Business abstraction is very important but hard to routinize. And it’s mostly beyond the realm which RESTful style can control. You should find the essential business concepts and make smart abstraction for high flexibility and extensibility. Yet we still can have some guideline. Probably will not solve the most difficult part of the problem but still give some help.

Find business objects. When the system complete, every business objects exposed to the public will be presented as an URI. Clients can issue POST GET PATCH/PUT DELETE requests to the URI to CRUD(create/read/update/delete) correlated object. So any objects you want to exposed to the public for clients to do the CRUD things you should make them in the business object model, as essential objects.

Define the relations. Next step is to define the relations between objects. The classical entity-relation analysis methodology is very good at that. Find all 1-1 1-* *-* etc. relations and make them clearly documented.

The object graph. It’s optional but very useful. In most case build an object graph at this stage will help to clarify many potential obscure concepts in the business object model. Try fill some real data in the object model and understand the order and constrains of each operation. Refine the object-relation model if necessary.

2.2 Define Response Objects

Now define some response data formats. Some may feel weird to do that in such early stage but trust me it’s the best path you can choose.

Firstly you should know that as highly recommended by RESTful style, the object and its representation are isolated. The same object can have many different representations which can be designated by the clients when issuing the request.

Second, do NOT try to invent your own representation type system, just use the well defined exist Internet media types(originally called MIME types), as defined in RFC 2046. Every system on the Internet have built-in support to it and all developers are familiar with text/html application/json image/jpeg multipart/form-data etc.

Now define the core response objects, in JSON format. Normally when clients request for a business object e.g. GET /user/:uid the service will return a user object in JSON format(application/json). JSON has become the most widely used cross platform data exchange format these days. You can provide support for responses in other media types such as text/html application/pdf later. And here are some best practices for that:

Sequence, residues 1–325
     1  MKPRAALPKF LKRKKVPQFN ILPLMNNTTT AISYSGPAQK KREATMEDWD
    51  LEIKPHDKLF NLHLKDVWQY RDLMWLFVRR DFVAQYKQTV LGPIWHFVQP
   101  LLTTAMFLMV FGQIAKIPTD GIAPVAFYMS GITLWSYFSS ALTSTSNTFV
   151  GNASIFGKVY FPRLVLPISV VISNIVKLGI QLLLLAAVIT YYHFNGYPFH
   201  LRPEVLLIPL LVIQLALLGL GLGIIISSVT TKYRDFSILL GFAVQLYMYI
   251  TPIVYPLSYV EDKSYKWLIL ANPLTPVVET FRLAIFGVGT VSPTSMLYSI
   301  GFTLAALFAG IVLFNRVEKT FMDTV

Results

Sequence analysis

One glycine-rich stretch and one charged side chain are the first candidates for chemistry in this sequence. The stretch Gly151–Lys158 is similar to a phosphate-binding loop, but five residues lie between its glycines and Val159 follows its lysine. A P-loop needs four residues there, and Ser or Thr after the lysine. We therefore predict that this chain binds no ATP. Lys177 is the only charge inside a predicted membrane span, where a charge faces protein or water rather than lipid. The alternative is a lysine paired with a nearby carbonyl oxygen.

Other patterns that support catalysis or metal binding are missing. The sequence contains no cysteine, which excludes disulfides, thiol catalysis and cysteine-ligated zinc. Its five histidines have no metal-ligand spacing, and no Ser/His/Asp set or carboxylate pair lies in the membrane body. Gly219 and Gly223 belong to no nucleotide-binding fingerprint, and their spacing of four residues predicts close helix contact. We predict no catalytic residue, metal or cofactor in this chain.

Separate core attributes and other attributes. In most cases you should provide two versions of the same object type:

  • The compact version which only contains the most frequently used core attributes of the object and very lightweight(for bandwidth and for parsing), which is often used embedded within other object or in arrays.
  • The detailed version which contains all fields in the compact version plus more detail info, such as attributes not so frequently used and other objects related to this object, which is often used for clients retrieving a single object.

Below is a demo:

Use embedded object not the object id. Assuming you are working on a online comment system and you have objects user and post. In post object there is an attribute author pointing to a user object. You should embedded a compact version of user object in the post object instead of only the user id. As shown in the snippet below:

// BAD style
post: {
  id: 10010,
  title: "Hello",
  body: "Hi there!",
  createdAt: 1333250513,
  author: 1,

// GOOD style
post: {
  id: 10010,
  title: "Hello",
  body: "Hi there!",
  createdAt: 1333250513,
  author: {
    id: 1,
    nickName: "soulhacker",
    avatar: "",
    status: "Doing something matters",
    online: true,

In many cases this strategy will bring data redundancy but make client-side parsing and handling more convenient. Server-side implementation will be more structural and reusable as well.

Normalize array representation so clients can parse them using one single handler. Below is return data of some user search API:

users: {
  total: 126, // totally 126 users match this request
  count: 10, // but we just return the first 10 records
  items: [
      ... // a compact user object inside 
    ... // 9 more user objects here

Client-side handling can be very simple and reusable. Snippet below shows how it goes in Ruby:

# Utility methods
def countFromJSONCollection(data)
  # data is a JSON object return from JSON.parse(response)
  return 0 if data == nil

  total = data['total']
  count = data['count']
  return Integer(total), Integer(count)

def itemsFromJSONCollection(data, c)
  # c is a class with class method named fromJSON to init object
  return nil if c == nil or data == nil or data['items'] == nil

  count = data['items'].size
  array = { |i| c.fromJSON(data['items'][i]) }

class Collection
  attr_accessor :total, :count, :items
  def self.fromJSON(data=nil, c=nil)
    return nil if data == nil or c == nil
    coll =, coll.count = countFromJSONCollection(data)
    coll.items = itemsFromJSONCollection(data, c)

Explicitly mark all required and optional fields. Not all data are equally important. As part of the protocol service providers should let clients know exactly which ones are optional. But remember HTTP is not a reliable communication protocol and the network status is even more complicated in mobile Internet, clients should do all error-tolerant things even for those fields marked as required.

To be continued…

In the following parts we will talk about how to define the API specs and give general info about concerns in implementation.